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I forgot how bad Voyager was...


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#1 of 9 OFFLINE   Bryan^H

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Posted May 18 2012 - 10:32 AM

Currently watching season 2. I have come to the conclusion that Brannon Braga is the worst thing to have ever happened to the "Trek" universe. I just don't understand how one man can be such an insanely bad writer for Star Trek, yet given so much control of the series. I remember watching his episodes in TNG season 6, and 7 and just gritting my teeth in disgust. His Voyager episodes are just more of the same. Tehcno babble/horror stories that would be better suited for 'Tales From The Darkside' than Star trek. He just doesn't have a clue. Watching Voyager can be a painful experience.

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#2 of 9 OFFLINE   Greg_S_H

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Posted May 18 2012 - 12:35 PM

Braga's bad, but I had a special dislike for Joe Menosky's work (of course, not every script the pair touched was toxic, as I see from looking at a list; but, when they were bad, they were awful). The Thaw! I have nightmares about how terrible that episode was. I bet he did the one where Chipotle kept seeing the moon to know he was dreaming (looked it up--nope). That said, I liked Voyager the first time, and when I rewatched it a year or so ago, I still liked it. I think I've seen everything but the seventh season three times through now. I moved in the middle of my last rewatch and didn't get back to that season. Any weaknesses with the writing are balanced out with how likeable the characters are, at least for me.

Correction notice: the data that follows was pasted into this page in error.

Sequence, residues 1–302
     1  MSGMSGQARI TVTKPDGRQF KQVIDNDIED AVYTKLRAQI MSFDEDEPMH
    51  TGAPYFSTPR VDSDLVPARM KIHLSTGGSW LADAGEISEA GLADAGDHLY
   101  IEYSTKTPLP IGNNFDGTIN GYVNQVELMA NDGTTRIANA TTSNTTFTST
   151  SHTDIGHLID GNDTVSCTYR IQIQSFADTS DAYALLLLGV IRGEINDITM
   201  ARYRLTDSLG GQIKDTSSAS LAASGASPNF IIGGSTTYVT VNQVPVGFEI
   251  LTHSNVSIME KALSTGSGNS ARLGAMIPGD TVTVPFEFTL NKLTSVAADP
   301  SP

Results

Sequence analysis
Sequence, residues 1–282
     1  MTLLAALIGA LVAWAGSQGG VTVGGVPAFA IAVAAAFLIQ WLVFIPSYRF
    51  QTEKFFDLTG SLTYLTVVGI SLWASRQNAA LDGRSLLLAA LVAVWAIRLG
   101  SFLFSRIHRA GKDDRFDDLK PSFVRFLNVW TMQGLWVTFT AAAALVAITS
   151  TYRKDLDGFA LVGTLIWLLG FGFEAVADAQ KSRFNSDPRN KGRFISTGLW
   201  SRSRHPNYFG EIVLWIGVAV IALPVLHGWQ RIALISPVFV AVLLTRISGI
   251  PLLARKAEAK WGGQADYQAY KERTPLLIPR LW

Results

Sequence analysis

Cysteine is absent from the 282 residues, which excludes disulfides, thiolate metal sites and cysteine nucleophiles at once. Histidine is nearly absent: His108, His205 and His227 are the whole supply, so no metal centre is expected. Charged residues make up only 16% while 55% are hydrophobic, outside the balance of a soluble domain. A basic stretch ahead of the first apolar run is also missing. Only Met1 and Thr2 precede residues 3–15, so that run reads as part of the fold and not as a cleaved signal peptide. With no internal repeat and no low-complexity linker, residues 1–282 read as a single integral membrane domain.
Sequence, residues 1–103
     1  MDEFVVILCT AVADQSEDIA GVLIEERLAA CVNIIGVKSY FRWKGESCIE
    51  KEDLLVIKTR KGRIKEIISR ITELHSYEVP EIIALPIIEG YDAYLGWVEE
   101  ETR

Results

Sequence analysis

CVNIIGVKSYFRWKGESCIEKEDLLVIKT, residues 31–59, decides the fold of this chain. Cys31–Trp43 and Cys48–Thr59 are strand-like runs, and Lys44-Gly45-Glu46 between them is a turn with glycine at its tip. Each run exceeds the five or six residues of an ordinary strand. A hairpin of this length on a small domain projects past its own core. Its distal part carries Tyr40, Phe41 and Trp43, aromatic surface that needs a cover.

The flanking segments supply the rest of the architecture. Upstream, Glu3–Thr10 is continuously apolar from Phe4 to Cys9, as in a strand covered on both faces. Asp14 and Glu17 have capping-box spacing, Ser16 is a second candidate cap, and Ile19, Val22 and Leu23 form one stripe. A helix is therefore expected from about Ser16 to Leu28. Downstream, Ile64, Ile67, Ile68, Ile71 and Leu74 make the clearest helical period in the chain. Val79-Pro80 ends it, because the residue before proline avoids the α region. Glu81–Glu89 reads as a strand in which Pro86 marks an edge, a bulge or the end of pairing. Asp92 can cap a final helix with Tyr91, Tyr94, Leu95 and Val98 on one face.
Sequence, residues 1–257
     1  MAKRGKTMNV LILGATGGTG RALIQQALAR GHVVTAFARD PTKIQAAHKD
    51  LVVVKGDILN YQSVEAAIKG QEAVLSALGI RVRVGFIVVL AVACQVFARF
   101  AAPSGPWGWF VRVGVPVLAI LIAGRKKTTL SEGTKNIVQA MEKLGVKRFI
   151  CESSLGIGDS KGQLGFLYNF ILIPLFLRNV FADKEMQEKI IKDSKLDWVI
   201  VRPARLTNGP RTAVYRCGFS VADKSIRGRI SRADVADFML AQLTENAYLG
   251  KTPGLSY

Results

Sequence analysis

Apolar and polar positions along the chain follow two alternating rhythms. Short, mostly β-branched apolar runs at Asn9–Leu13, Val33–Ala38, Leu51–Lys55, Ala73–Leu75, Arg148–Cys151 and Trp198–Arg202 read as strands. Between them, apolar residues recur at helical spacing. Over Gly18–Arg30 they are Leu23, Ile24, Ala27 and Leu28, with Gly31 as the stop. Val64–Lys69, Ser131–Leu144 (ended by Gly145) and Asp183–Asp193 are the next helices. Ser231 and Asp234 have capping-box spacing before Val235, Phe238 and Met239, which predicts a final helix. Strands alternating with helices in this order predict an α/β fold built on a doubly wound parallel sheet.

#3 of 9 OFFLINE   mattCR

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Posted May 18 2012 - 12:37 PM

Voyager has the least rewatchability and the most groans.  It never found its footing.  I can pickup and watch DS9 at any season.. 1-7, and find great episodes.  Even the 'eh' episodes were better than any high point of Voyager to me.  That's a problem.. a big problem.  
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#4 of 9 OFFLINE   Simon Massey

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Posted May 19 2012 - 04:16 AM